By: Samantha Netzband
Impunity Watch Reporter, Africa
NAIROBI, Kenya –A Kenyan court recently ruled that anal testing to determine sexual orientation is constitutional. The anal testing is typically done alongside HIV and Hepatitis B testing without the consent of the party that is being tested.
Two men kiss an act that would be forbidden in Kenya where homosexuality is a crime. (Photo Courtesy of International Business Times)
The ruling comes from the case brought forth by two men who were tested against their will at Madarkaka Hospital. The two men were arrested in February 2015 on suspicion of having sex. In Kenya, gay sex is illegal and punishable by a prison sentence of up to 14 years.
Mombasa high court judge Mathew Emukule said in his ruling “I find no violation of human dignity, right to privacy and right to freedom of the petitioners.” Emukule also said that if the men didn’t want to undergo the tests their attorneys should have sought injunctions before the tests were administered. Emukule’s opinion is in direct opposition to the arguments of the petitioner that argued anal examinations are “cruel, inhuman, and degrading treatment that can often amount to torture.”
With the ruling happening less than a week after the attack at an LGBTQ club in Orlando, Florida the LGBTQ rights community has vowed to appeal. Eric Gitari, the executive director of the Kenyan National Gay and Lesbian Human Rights Commission (KNGLHRC), explained that rulings like the one delivered by Emukule make it more difficult to encourage the LGBTQ community to come forward to have their rights affirmed. Encouragement is difficult when courts instead affirm violations of LGBTQ people’s rights.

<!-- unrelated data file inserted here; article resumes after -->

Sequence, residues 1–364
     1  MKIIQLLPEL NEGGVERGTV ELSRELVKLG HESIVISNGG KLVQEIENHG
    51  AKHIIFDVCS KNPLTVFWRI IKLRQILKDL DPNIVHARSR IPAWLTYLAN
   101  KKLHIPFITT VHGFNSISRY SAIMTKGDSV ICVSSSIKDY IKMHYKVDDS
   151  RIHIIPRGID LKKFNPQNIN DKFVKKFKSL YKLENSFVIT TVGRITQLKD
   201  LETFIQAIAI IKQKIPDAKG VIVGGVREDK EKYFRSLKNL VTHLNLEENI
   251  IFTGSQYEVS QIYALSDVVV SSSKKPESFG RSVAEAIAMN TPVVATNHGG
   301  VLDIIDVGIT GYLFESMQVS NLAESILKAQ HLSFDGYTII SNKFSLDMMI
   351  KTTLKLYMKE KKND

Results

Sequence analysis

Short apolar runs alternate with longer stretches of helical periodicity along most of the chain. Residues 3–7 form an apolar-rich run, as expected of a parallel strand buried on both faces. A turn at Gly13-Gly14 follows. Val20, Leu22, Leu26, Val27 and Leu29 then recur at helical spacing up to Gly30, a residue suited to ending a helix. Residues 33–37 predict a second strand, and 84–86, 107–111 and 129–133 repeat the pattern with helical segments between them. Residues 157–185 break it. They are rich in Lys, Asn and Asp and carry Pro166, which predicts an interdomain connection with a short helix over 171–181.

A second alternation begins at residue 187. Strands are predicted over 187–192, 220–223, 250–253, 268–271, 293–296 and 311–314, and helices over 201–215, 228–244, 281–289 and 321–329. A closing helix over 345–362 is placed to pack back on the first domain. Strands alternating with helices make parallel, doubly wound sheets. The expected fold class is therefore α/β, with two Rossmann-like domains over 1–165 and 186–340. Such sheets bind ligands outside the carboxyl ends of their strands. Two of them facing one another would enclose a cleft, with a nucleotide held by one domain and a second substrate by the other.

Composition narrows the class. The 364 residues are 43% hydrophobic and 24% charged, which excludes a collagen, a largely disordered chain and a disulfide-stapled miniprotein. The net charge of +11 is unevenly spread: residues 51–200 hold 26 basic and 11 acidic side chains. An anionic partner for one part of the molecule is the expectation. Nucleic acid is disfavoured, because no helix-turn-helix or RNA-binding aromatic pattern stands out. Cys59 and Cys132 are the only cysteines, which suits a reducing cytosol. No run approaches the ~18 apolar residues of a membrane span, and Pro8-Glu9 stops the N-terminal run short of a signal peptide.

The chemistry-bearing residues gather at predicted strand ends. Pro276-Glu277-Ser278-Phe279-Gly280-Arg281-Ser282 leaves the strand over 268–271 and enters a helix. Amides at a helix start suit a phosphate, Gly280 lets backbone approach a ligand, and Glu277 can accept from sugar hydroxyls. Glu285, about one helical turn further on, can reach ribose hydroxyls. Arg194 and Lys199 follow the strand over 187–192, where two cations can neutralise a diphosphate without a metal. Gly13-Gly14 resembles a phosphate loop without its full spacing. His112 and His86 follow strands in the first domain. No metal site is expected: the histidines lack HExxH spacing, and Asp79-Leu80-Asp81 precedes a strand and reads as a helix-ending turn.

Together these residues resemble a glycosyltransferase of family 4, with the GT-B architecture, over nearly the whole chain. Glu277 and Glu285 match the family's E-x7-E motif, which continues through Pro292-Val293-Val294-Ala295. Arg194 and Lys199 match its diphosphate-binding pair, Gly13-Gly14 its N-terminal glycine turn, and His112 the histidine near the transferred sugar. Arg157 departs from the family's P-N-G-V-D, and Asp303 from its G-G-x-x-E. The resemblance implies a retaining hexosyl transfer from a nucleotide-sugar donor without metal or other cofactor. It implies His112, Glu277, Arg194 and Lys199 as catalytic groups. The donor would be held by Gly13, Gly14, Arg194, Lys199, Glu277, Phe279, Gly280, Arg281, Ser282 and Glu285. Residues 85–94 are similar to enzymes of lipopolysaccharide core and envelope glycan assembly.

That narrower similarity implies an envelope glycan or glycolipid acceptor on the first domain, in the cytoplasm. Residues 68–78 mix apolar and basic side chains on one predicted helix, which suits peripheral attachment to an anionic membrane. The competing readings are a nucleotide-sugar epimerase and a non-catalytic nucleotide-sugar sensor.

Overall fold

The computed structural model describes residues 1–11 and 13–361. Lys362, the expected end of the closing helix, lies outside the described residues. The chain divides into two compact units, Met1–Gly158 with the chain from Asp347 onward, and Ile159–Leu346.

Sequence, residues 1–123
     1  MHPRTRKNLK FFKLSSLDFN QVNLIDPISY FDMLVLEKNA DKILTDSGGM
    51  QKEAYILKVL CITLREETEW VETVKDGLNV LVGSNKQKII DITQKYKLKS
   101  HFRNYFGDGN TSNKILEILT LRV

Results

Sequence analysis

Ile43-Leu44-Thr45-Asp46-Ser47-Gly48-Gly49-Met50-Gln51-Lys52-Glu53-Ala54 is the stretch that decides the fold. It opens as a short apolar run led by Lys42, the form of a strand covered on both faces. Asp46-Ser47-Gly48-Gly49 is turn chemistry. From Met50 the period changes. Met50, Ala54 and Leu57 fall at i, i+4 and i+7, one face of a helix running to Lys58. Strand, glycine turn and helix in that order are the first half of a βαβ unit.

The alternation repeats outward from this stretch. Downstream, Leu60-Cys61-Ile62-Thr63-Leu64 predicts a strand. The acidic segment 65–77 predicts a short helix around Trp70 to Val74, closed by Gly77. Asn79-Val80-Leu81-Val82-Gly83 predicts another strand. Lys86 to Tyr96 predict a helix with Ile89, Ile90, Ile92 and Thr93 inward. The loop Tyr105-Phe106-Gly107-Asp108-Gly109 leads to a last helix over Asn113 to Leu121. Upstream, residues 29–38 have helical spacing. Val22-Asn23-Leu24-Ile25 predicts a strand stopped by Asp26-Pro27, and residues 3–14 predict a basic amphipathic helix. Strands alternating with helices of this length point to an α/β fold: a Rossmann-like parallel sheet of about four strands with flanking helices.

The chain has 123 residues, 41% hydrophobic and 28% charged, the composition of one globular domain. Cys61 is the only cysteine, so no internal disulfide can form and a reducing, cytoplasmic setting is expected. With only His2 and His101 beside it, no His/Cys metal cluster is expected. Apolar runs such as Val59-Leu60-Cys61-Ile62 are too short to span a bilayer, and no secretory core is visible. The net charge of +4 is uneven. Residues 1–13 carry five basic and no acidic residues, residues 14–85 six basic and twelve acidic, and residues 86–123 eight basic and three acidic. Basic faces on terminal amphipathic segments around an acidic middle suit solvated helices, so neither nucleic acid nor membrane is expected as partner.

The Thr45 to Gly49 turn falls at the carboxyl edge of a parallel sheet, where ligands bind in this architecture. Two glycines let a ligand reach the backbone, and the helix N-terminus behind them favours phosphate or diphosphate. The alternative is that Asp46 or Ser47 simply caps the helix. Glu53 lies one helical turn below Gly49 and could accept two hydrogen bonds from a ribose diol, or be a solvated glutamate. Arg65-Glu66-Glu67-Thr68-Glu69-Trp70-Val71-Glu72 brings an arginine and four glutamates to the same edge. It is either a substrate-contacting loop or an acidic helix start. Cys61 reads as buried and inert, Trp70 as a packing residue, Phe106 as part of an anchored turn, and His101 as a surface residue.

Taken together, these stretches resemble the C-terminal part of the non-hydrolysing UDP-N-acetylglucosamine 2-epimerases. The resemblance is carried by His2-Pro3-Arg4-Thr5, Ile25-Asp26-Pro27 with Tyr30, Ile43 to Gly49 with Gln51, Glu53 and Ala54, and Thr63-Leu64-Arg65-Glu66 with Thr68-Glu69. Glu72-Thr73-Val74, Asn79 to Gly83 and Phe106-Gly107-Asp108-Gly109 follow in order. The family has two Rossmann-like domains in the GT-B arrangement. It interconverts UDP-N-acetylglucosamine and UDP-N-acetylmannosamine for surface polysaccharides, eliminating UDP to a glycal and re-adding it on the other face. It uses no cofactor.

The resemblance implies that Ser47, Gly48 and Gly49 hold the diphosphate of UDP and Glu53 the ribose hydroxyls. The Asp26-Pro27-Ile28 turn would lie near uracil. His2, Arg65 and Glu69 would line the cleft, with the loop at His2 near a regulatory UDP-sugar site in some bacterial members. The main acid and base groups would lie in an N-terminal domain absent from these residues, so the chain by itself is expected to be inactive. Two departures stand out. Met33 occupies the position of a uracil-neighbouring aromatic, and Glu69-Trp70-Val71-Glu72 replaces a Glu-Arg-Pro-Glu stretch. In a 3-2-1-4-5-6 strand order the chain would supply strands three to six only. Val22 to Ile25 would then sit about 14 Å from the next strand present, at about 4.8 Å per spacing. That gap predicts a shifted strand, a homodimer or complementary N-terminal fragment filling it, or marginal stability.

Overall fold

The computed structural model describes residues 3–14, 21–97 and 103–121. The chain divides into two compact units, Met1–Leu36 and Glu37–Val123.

KNGLHRC questions whether the testing is a good use of the countries scarce resources. According to Human Rights Watch the forced anal exams are rare in Kenya, but are used in other countries such as Cameroon, Egypt, Tunisia, Turkmenistan, Uganda and Zambia. Human rights groups from KNGLHRC to Amnesty International believe that the ruling will set a precedent arresting people on suspicion of being gay and being subject to the invasive tests. Until the appeals are heard anal exams will still be allowed.
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